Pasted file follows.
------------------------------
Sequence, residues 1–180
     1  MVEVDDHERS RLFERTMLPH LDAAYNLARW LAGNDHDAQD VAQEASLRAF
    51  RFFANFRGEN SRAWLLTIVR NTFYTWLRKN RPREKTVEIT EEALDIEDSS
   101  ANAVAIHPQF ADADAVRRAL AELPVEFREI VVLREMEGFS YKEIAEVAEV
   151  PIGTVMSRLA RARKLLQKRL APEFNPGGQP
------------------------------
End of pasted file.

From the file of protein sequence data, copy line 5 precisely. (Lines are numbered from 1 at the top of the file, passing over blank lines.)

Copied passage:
   151  PIGTVMSRLA RARKLLQKRL APEFNPGGQP